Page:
Seven Reasons You Should Be Working Out That Have Nothing to do with Losing Weight
Sun Basket registered dietitian Lindsey Kane explains why a regular exercise routine is the right move for a better, longer life.
Plenty of people take up exercise in hopes of dropping a few pounds, but the benefits of working out go far beyond what can be measured on a scale. Physical activity makes your body stronger, your mind happier, and gives you increased energy, focus, and a more positive attitude. Regardless of whether you hit the track or a yoga mat, here are a few of the benefits of committing to a regular workout.
Boost Your Memory
A workout for your body is also a workout for your brain. Exercise improves memory and thinking skills by encouraging the body to produce chemicals that affect the growth of new blood vessels in the brain, and the overall health of new brain cells. Gym rats who exercise regularly may also benefit from an increase in the volume of the parts of their brains that control thinking and memory.
Calm Your Mind
That boost of feel-good endorphins after a great workout is the real deal. These beneficial chemicals provide an immediate mood-lifting effect, while also curbing the stress hormone cortisol and eliciting calming brain chemicals like serotonin and dopamine. As for more long-term mental health benefits, the American Journal of Psychiatry published a study that found that if all participants had engaged in a minimum of 1 hour of physical activity each week, 12 percent of cases of depression in the future could have been prevented.
Think that working out will only make you hungry? Think again. Exercise may actually help control your appetite. Neuroscientists have found that physical activity releases hormones associated with satiety. Additionally, exercise is a very effective stress reducer, which makes it a great antidote to emotional eating. Avid exercisers also report that the more they exercise, the more they’re motivated to choose healthy foods that provide optimal fuel.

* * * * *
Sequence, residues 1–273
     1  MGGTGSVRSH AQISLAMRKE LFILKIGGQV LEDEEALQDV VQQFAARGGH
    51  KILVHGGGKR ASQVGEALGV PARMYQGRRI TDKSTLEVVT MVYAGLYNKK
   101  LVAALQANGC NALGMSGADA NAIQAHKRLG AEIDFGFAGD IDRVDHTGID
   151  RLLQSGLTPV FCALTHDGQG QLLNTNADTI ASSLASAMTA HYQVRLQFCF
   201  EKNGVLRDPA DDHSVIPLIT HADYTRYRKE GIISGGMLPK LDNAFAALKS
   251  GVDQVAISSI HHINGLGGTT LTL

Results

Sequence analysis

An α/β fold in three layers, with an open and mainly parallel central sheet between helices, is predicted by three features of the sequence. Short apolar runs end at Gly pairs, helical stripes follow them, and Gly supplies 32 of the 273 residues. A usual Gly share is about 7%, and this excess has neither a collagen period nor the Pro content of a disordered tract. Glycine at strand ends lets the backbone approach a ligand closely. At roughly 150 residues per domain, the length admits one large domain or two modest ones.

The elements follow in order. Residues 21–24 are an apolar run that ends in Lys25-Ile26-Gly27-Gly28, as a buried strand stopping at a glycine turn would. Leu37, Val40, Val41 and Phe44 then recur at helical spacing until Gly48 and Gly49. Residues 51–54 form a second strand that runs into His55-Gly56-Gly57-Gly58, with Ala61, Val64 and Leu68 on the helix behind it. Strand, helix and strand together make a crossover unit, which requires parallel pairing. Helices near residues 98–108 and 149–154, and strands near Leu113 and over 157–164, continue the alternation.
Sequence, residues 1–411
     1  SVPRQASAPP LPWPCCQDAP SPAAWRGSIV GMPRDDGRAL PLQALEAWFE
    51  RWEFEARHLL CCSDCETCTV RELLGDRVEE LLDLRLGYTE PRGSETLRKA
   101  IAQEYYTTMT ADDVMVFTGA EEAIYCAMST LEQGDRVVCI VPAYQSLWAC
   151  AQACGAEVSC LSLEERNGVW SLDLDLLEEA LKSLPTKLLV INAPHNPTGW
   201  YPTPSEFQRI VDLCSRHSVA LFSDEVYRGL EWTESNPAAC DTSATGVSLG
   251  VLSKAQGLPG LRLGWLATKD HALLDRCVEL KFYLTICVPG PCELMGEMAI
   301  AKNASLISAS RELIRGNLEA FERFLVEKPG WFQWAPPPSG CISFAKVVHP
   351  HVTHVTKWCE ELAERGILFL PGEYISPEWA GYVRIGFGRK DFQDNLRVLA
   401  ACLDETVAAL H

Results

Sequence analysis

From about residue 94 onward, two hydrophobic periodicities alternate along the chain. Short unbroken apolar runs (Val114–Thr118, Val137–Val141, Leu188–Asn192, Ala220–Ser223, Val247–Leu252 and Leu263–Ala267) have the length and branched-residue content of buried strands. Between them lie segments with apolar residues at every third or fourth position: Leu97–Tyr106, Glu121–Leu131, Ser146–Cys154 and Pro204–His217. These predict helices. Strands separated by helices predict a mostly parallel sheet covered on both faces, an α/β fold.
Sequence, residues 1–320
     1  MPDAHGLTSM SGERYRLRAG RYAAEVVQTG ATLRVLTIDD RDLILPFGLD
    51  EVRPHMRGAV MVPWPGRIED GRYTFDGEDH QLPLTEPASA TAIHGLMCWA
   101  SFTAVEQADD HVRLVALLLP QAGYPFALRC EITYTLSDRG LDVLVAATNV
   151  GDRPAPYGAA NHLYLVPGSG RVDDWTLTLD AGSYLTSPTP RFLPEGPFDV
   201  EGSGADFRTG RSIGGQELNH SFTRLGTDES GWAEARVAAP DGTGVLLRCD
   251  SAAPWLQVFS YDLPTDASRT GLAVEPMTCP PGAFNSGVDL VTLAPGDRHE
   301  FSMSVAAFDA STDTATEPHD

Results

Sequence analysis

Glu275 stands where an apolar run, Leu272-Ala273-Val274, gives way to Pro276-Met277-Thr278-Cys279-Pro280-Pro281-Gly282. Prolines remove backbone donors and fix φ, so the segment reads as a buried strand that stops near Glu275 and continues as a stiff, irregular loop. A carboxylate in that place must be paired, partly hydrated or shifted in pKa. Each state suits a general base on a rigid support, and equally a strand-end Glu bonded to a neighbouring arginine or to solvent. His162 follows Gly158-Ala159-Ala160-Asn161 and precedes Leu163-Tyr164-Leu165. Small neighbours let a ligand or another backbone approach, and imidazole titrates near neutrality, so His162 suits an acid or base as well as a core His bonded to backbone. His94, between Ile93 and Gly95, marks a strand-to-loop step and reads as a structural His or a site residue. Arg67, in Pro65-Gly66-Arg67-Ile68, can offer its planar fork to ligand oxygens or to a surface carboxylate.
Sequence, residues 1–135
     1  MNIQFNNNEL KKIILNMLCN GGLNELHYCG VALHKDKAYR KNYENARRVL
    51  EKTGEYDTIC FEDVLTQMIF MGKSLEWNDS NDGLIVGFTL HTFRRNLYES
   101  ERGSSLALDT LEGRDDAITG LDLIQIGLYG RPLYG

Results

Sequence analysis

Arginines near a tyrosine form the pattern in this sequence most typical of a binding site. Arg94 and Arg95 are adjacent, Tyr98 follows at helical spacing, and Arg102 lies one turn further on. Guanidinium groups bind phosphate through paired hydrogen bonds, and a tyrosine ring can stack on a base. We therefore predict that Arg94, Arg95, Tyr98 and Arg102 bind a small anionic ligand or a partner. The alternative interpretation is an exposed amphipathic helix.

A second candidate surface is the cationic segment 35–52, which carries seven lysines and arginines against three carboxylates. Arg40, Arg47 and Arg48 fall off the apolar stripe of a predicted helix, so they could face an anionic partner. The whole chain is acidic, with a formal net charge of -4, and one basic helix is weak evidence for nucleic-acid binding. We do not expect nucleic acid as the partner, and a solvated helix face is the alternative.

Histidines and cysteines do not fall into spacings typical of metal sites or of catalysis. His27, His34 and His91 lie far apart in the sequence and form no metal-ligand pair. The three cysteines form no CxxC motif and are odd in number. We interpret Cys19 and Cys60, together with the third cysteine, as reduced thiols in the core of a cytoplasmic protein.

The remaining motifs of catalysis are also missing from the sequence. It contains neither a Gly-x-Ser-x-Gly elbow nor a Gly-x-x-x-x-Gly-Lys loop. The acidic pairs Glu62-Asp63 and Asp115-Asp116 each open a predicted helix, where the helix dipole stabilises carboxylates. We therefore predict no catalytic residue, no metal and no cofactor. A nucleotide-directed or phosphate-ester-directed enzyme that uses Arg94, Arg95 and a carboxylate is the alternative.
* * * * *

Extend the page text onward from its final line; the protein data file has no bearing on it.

From disease prevention and reversal to its anti aging effects, exercise is crucial to longevity. Any amount of exercise can add years to your life. According to one study funded by the National Institutes of Health, people who regularly engage in physical activity may add as many as 4½ years to their life.
Exercise can improve both the quantity and quality of sleep. Many researchers believe this is because exercise can spike daytime alertness, drive sleepiness at night, and strengthen our circadian rhythm. The kicker? The sleep benefits of exercise are not immediate: One study demonstrated that it takes 16 weeks of a consistent, regular exercise routine before sleep quality improves. Participants who stuck with a regular fitness routine for 16 weeks averaged an increase of 75 minutes of sleep.
One study found that just 20 minutes of exercise can boost your mood for 12 hours. Exercise is correlated with enhanced energy and alertness during the day; improved performance, both mentally and physically; greater productivity; and overall happiness.
Think More Clearly
Exercise has been found to have cognitive boosting effects that allow us to exercise better executive function and decision-making skills. This translates into more thoughtful—and often healthier—food choices. That's great news because we make about 200 food decisions every day.
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